Yes, Virginia, hype and reality sometimes intersect. As anyone in Toronto who is at all interested in food knows, the superlatives have been flying since veteran chef Nick auf der Mauer(Far Niente, the Drake...)opened Porchetta & Co just over a month ago.
While this is the first venue in pig-happy Toronto specializing in the classic Italian pork dish, Sara Jenkins has wowed New Yorkers for over two years with her version. What is new here is that auf der Mauer uses marinated pork shoulder with prosciutto and cured pork belly rather than whole boned pig, stuffed, and spit roasted (www.porchettaco.com for complete method).
Like the shop, the menu is tiny. Porchetta is served in a sandwich or on a plate. There are a soup, three sides(roasted potatoes, braised rapini, baked romano beans) and six extras (two cheeses, rapini, mushrooms, tomato sauce, and truffle sauce).
For our portable feast, our designated courier loads up with soup, the baked beans, and two sandwiches. Cabbage and smoked bacon soup elicits visions of a hearty soup with strong, peasanty flavors. The reality is quite different: a milkily opaque liquid in which sweet shreds of cabbage are suspended along with discreet cubes of bacon and into which a dollop of seedy mustard has been stirred to provide bite for both flavor and texture. A peasant classic has been rendered elegant. The baked romano beans are a meltingly delicious take on pork and beans. Both soup and baked beans are enough to make a trip to Porchetta & Co worthwhile.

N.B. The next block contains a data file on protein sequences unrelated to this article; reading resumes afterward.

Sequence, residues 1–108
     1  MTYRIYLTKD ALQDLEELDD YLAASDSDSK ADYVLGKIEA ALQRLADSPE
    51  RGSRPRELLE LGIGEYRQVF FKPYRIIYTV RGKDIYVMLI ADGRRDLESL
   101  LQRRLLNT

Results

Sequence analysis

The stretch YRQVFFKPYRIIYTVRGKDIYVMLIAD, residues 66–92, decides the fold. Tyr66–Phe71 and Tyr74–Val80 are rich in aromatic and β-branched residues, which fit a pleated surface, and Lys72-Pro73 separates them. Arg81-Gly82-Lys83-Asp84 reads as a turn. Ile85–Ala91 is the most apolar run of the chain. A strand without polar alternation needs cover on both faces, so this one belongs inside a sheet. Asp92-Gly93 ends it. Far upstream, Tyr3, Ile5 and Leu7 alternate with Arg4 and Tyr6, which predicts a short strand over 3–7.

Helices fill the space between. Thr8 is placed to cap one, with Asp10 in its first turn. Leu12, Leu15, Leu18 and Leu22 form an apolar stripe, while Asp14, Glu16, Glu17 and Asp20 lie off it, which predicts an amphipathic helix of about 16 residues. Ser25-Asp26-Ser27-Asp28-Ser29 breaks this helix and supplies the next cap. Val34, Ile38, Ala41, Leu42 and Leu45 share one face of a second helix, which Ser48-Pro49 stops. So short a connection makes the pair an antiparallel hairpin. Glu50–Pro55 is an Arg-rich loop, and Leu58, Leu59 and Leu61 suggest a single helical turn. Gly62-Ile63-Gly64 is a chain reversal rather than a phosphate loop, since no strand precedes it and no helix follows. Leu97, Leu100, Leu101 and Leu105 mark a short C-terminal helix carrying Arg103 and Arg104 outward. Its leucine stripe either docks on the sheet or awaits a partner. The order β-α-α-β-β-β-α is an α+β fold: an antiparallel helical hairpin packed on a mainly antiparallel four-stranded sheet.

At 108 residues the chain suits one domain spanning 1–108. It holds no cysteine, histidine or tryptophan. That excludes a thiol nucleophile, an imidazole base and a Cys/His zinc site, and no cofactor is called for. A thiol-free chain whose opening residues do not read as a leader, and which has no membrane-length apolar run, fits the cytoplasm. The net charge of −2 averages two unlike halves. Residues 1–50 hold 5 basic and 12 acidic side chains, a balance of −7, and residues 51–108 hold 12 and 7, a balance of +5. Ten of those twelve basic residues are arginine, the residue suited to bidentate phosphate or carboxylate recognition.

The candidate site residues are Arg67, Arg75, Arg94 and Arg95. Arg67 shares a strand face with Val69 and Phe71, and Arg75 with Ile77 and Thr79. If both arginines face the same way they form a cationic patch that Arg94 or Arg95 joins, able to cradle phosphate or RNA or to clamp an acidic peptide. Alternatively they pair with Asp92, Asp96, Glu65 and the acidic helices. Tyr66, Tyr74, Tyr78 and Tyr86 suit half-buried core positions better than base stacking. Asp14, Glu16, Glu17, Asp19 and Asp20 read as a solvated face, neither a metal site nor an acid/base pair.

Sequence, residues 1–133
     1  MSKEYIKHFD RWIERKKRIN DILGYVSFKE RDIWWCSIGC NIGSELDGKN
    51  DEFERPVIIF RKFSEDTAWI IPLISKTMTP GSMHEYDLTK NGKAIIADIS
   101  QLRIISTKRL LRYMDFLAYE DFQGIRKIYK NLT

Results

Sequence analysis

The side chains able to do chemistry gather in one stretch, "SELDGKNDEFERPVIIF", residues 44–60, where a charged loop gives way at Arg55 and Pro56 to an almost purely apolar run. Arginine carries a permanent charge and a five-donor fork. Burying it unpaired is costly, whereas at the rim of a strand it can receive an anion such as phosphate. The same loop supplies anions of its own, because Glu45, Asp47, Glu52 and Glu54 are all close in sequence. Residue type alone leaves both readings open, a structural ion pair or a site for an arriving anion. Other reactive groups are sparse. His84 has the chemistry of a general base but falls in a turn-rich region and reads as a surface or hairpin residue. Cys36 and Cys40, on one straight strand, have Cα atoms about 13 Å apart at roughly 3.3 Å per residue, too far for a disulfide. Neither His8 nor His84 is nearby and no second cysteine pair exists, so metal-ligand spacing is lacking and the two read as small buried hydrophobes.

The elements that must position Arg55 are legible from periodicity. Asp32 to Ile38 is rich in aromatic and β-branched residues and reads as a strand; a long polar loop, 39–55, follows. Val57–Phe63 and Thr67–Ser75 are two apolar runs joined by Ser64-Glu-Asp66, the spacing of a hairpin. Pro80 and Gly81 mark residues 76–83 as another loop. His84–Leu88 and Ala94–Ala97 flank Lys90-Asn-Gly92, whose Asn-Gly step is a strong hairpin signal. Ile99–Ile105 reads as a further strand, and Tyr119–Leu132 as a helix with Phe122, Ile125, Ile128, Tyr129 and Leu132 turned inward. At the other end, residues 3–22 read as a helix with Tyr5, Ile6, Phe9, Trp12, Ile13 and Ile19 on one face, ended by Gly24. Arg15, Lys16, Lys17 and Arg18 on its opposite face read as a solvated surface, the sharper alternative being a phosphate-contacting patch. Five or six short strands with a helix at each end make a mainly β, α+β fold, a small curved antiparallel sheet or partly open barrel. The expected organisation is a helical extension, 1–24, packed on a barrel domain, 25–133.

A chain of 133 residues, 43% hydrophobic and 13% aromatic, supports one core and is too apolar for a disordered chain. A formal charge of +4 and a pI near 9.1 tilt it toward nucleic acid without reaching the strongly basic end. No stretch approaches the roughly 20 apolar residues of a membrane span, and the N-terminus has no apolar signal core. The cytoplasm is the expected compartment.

The buns for the sandwiches, from a nearby bakery, are a perfect bed for the porchetta and its crackling. It is not so crusty that it competes with the latter but is sturdy enough to hold the meat and its toppings without disintegrating,nor is it so flavorful that it overwhelms the herbal accents of the meat. One sandwich we top with rapini and mushrooms; the other is smeared with truffle sauce(ie truffle mayo)and mustard(no charge. That mustard is, incidentally, Kozlik's which made the Top 100 list in the January 2011 Saveur.
The meat offers a range of textures from unctuous shoulder slices to crunchy chunks of crackling. Mushrooms really add nothing but the rapini's bitterness offset the meat's richness while adding a shot of colour in a very beige sandwich. The truffle sauce? Its presence is an overgilding of the proverbial lily. Really the porchetta offers so many textures and so much flavor that nothing extra is really needed.
We polish off ever bite of this lunch with our faces wreathed in smiles. Yes, Nick auf der Mauer's porchetta sandwiches are everything the hype has promised---and great value for the price.
Price for a small soup, baked beans, two sandwiches with three extras was $21.55 plus tax.
Porchetta & Co
825 Dundas Street West (at Palmerston)